Abigail / Published on February 22, 2013
Today we’re looking at the dangers of posting fake reviews on consumer websites.
A recent article in the Guardian
reported that some online companies hire computer science students from abroad to post a myriad of hyper-positive reviews about the high-quality service provided by the firm, in a bid to either offset overly negative reviews from genuine customers, or to raise the profile of their company.
The Guardian Money investigation uncovered fake reviews written by computer science specialists in countries such as Bangladesh, India and Indonesia, where people will write and send fake reviews for a relatively low fee.
One reason why fake reviewing is popular amongst computer science undergraduates is that they are well-versed in understanding how computers work. They can create a unique name, email and internet provider address for each review, making it look as though it has been posted in the UK and fooling controls on review sites.
Businesses start to look a little suspicious if their reviews are a confusing combination of either full-on praise or downright negative criticism.
Of course, as well as being misleading, not to mention confusing for actual customers looking on the company website, it’s also illegal and any company found to be condoning the practice of posting fake reviews could be subject to investigation by Trading Standards or the Office of Fair Trading.
Here are some of the ways to spot fake reviews:
1. Avoid reviews that skip over details and concentrate on how amazing the customer experience was. Be more trustful of reviews that provide in-depth descriptions about the quality of a product or service.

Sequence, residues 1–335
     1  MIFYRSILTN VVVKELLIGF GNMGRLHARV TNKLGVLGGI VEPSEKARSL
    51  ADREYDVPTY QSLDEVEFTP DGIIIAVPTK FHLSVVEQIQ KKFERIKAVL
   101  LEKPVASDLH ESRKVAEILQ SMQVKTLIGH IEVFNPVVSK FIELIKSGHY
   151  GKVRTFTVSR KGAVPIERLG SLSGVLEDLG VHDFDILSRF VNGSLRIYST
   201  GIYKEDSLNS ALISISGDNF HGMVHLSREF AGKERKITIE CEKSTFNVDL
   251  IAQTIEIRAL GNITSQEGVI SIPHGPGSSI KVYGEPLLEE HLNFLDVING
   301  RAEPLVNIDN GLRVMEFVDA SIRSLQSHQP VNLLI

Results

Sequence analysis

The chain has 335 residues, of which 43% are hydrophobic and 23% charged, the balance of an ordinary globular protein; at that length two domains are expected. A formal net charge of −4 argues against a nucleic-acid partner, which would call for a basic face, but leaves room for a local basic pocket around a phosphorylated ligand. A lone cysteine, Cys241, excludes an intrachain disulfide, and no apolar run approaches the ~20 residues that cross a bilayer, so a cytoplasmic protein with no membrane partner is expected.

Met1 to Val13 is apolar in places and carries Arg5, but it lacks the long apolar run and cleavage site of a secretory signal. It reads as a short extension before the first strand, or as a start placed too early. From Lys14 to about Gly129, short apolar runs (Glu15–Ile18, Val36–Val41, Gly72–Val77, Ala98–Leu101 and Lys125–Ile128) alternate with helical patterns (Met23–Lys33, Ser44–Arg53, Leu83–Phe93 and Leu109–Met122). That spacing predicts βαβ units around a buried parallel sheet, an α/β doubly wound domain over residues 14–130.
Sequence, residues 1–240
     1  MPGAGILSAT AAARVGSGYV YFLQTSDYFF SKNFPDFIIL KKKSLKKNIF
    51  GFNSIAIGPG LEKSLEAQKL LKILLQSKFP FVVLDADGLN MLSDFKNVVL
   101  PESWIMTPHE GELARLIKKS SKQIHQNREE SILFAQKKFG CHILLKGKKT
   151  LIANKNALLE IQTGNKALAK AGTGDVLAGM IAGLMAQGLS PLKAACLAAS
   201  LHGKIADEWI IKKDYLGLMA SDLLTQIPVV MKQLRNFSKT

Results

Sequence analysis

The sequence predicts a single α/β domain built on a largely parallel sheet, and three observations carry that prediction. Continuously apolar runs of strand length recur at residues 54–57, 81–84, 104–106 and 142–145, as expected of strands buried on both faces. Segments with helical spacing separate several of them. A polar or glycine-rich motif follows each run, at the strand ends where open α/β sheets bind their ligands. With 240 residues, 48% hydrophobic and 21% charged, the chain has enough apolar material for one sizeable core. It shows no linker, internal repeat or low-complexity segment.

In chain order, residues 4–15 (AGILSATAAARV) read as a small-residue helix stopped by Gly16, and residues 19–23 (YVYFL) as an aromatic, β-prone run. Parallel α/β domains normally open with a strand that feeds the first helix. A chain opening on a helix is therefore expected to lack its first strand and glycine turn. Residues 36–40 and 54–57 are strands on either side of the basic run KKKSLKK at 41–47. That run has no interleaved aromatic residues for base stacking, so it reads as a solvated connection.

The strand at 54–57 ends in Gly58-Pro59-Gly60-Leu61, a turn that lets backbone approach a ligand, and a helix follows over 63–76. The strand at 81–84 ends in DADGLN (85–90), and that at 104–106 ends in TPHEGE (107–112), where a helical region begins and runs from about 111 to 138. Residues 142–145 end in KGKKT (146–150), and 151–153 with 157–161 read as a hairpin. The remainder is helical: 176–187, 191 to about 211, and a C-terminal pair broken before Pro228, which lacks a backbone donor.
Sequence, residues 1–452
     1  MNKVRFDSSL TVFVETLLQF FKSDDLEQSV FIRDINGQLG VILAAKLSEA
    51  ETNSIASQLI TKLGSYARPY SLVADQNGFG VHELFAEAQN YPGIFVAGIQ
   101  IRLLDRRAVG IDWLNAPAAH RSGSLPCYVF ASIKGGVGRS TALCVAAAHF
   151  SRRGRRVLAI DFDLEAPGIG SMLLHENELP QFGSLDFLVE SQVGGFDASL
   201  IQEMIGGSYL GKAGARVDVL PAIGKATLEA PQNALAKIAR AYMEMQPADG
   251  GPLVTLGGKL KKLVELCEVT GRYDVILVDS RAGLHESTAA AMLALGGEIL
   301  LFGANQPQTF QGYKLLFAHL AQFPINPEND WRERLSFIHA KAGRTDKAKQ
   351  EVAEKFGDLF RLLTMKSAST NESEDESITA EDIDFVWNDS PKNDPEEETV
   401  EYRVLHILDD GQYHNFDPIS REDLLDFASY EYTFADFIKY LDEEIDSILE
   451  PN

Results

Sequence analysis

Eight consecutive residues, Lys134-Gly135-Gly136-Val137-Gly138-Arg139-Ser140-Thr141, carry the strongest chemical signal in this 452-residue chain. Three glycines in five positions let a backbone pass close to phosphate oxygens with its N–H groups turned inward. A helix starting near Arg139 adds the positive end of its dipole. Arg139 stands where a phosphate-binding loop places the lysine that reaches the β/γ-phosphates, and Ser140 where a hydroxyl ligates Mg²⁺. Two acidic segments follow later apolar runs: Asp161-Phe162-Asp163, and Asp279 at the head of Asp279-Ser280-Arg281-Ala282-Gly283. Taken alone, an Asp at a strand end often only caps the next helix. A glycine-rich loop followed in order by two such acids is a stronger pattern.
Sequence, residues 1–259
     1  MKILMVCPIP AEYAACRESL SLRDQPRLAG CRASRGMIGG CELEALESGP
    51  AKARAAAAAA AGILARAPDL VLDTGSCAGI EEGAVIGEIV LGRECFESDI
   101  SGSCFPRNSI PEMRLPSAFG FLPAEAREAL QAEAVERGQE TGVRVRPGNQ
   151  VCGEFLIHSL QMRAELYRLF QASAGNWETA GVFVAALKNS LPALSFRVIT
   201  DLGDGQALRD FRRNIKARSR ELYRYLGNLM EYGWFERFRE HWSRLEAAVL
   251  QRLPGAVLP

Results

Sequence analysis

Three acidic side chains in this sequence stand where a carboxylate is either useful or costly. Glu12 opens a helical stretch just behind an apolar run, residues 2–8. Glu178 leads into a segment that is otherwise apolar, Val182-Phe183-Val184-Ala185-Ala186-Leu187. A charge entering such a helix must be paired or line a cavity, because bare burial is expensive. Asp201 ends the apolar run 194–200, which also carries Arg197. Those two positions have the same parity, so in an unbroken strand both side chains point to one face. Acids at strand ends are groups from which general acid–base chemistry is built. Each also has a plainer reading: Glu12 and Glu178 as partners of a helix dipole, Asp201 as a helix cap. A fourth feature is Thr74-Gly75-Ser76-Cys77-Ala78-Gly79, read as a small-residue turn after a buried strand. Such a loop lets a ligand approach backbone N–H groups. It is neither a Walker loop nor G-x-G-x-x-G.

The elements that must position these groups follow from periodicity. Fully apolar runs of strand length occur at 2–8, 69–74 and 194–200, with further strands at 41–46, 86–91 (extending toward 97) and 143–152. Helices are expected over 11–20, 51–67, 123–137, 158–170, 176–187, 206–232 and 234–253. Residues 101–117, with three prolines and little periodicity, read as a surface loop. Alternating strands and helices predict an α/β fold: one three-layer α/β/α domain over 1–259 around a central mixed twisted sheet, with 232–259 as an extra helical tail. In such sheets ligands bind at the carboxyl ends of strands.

2. If you’re on a review website, click on the user’s profile to see how many other reviews they’ve written. On-review accounts tend to err on the fake side.
3. Be aware of reviews written in poor English. Whilst genuine customers may overlook the odd spelling and grammatical error, it’s easy to tell which ones sound as if they have been translated from a foreign language. Those written in well-constructed and grammatical English are likely to be genuine.
So if you’re looking to drum up positive feedback to improve your seller reputation, focus more on reaching out to potential customers, whether by offering a more personalised service, by always ensuring your goods are sent out on time and in good condition, or by self-promoting via the likes of Facebook and Twitter.
Don’t run the risk of being caught posting fake reviews. It’s not good business practice and you may end up losing your livelihood and permanently damaging your reputation
as a result.